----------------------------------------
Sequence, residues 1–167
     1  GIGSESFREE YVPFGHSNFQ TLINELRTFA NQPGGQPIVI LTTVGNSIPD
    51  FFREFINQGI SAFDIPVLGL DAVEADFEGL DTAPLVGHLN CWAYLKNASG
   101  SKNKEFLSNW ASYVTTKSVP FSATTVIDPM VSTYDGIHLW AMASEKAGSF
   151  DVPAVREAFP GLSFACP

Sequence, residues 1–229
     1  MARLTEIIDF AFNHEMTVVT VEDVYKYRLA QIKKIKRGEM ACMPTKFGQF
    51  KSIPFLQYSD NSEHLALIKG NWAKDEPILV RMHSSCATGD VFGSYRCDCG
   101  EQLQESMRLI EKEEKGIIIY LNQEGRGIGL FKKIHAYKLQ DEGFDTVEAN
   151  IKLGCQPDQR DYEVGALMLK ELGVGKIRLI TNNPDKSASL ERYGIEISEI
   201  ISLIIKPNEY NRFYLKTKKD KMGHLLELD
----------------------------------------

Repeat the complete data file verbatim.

Sequence, residues 1–167
     1  GIGSESFREE YVPFGHSNFQ TLINELRTFA NQPGGQPIVI LTTVGNSIPD
    51  FFREFINQGI SAFDIPVLGL DAVEADFEGL DTAPLVGHLN CWAYLKNASG
   101  SKNKEFLSNW ASYVTTKSVP FSATTVIDPM VSTYDGIHLW AMASEKAGSF
   151  DVPAVREAFP GLSFACP

Sequence, residues 1–229
     1  MARLTEIIDF AFNHEMTVVT VEDVYKYRLA QIKKIKRGEM ACMPTKFGQF
    51  KSIPFLQYSD NSEHLALIKG NWAKDEPILV RMHSSCATGD VFGSYRCDCG
   101  EQLQESMRLI EKEEKGIIIY LNQEGRGIGL FKKIHAYKLQ DEGFDTVEAN
   151  IKLGCQPDQR DYEVGALMLK ELGVGKIRLI TNNPDKSASL ERYGIEISEI
   201  ISLIIKPNEY NRFYLKTKKD KMGHLLELD